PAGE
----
Stress towards the end of the year is common within the dental community. Many patients have forgotten to use their benefits and they many times try to fit everything in at the last minute. Stress during the holidays towards year-end adds to this. We can choose to find ways to reduce the amount of stress we experience, despite all of the additional contributors which may find their way into our day!
The effects of stress can be overwhelming. We may not feel there is an end in sight. We may also be contributing it to work and yet it may not be work related at all! The Mayo Clinic has a great resource chart to identify stress. Allowing stress to overrun our bodies and our minds leads to a cluttered mind and an inability to think clearly. When we keep ourselves from identifying and resolving stress, we stop ourselves from being able to manage stress and to be our best for ourselves, as a clinician for our patients, and for our families. Finding triggers which may be contributing to the stress can help us to remove those from our lives and help us to enjoy our day more.
One patient at a time
No matter how much we love what we do, we can lose sight of this when stress gets to be too much. Making a difference one person at a time can help the bad moments feel not so bad, and even reduce their frequency. Looking at the schedule ahead of time and finding a person you can make a difference to, will give us short term goals. At the end of the day, we are able to feel accomplished in making a person feel better about their oral health and smile. The other people who truly is left happy is us.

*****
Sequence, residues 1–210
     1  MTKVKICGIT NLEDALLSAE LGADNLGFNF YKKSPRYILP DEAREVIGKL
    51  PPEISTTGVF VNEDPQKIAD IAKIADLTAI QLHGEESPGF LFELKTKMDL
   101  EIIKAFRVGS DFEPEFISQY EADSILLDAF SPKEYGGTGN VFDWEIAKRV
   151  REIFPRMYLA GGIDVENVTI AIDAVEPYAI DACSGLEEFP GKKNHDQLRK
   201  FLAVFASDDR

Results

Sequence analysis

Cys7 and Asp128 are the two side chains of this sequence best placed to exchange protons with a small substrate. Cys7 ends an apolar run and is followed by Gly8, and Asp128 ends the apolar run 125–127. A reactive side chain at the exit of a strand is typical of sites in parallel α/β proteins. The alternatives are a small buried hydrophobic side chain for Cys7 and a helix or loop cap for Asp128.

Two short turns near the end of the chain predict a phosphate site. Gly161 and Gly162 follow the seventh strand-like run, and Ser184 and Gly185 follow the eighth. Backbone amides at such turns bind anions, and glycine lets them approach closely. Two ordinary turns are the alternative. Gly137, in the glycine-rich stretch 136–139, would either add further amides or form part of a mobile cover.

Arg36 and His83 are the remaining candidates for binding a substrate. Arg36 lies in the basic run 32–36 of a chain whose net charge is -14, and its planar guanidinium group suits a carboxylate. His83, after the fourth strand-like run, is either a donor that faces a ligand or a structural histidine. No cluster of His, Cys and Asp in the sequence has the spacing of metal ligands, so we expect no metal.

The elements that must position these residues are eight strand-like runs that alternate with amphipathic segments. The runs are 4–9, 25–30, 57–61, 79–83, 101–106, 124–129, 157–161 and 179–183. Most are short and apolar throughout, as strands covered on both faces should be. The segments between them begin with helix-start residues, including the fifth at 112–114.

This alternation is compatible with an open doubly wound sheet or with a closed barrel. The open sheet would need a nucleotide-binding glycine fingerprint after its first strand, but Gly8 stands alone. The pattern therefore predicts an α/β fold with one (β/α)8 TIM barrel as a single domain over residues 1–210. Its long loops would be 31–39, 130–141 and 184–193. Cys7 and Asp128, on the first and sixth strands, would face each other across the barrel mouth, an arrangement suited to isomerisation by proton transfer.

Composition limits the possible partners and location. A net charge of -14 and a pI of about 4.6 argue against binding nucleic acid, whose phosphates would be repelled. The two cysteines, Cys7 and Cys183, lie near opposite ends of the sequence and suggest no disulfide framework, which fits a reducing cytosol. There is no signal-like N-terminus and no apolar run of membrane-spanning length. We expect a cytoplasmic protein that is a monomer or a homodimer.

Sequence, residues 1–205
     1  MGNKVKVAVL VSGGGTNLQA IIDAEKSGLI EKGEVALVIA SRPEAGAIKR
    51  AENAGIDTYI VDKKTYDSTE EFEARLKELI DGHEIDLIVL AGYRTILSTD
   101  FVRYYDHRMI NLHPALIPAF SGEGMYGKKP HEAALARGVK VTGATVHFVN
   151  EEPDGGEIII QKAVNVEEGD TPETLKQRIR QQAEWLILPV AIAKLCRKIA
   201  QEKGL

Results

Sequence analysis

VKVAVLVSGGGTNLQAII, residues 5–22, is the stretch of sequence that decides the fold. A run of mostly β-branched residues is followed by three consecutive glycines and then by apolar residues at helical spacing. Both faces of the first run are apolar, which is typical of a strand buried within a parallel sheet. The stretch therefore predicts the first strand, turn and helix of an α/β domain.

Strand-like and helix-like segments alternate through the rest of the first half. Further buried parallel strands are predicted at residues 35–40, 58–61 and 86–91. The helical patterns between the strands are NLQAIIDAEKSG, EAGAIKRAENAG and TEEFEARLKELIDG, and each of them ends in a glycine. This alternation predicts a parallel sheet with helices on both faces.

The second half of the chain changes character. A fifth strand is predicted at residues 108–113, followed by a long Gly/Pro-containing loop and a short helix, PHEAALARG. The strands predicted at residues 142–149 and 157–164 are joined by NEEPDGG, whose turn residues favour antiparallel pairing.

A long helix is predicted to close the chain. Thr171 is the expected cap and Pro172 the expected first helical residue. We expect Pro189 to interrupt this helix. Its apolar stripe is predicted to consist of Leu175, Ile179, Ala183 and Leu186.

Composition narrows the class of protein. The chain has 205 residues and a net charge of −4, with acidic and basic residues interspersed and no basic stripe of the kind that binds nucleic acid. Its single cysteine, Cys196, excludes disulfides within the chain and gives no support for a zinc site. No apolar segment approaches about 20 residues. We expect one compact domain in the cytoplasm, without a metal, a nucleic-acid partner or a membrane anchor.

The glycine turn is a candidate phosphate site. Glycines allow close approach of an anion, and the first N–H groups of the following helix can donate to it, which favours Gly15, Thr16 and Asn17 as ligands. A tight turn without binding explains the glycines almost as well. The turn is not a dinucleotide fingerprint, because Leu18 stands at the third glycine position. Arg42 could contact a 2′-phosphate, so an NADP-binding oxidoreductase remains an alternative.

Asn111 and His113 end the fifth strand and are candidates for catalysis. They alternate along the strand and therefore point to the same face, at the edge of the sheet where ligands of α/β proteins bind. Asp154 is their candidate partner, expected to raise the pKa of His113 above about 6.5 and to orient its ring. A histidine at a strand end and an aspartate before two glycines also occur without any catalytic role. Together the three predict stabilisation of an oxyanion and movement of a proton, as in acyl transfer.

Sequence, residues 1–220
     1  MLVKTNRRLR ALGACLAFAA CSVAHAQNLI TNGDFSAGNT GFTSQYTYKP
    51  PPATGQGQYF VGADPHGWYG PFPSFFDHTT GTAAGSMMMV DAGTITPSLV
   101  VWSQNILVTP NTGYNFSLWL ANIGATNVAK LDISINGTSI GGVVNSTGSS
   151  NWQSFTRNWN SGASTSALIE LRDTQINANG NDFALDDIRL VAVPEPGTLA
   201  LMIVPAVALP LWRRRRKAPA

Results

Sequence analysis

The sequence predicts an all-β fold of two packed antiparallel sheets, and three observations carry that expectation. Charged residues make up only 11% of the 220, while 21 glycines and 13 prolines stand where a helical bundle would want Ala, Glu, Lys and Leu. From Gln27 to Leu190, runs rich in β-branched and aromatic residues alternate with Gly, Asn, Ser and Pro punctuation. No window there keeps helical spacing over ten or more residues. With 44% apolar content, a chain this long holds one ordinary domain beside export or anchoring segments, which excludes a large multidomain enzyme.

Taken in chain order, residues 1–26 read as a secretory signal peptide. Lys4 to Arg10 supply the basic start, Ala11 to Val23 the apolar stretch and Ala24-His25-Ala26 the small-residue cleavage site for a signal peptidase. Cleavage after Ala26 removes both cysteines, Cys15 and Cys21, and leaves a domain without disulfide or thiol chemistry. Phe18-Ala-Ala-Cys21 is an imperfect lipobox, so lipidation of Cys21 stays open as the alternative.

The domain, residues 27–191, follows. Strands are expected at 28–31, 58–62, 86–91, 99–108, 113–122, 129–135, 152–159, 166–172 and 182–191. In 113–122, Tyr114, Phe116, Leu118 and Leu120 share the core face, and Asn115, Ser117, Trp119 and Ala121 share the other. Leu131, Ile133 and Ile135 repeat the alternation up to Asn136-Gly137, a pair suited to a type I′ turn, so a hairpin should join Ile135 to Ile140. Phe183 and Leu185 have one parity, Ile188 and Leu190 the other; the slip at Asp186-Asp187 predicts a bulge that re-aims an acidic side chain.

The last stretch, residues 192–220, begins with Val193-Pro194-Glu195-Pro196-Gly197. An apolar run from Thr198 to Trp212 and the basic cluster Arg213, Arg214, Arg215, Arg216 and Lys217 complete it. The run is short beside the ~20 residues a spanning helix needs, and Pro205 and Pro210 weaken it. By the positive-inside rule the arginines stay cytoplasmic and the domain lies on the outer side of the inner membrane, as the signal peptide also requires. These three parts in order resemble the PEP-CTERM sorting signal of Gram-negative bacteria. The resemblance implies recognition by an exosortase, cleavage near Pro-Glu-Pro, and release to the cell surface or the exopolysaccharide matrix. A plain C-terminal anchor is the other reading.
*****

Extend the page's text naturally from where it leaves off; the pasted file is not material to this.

Take time for yourself
Stress compiles when we don’t rest. We need to take time for ourselves. In a profession where we are constantly giving to everyone else, we must remember to take moments where we make ourselves the priority. The American Academy of Stress states “If you start your day off stressed and anxious, there’s a good chance you will feel stressed and anxious the rest of the day." Starting your day with just 5 minutes to breathe, meditate or just be alone can give you a better start and help you to clear your head and give you a great start to the day.
Find an outlet!
Did you realize releasing endorphins reduces stress? Exercising releases endorphins, which are natural painkillers in the brain. Scientists have found that regular participation in aerobic exercise decreases overall levels of tension, elevates and stabilizes mood, improves sleep, and improves self-esteem. Even five minutes of aerobic exercise can stimulate anti-anxiety effects. Giving yourself a little bit of time to release the frustration you may have experienced throughout the day, can reset your night and help you sleep and start again.
Identify the stress in your life. Remove what is isn’t important and valuable to you. Don’t give merit to things that contribute to stress. Find people everyday who can help you remember why you love your job! Taking time for yourself to mentally rest at the beginning of the day and release endorphins at the end of the day is important! You are worth it and your body will be thankful for it.
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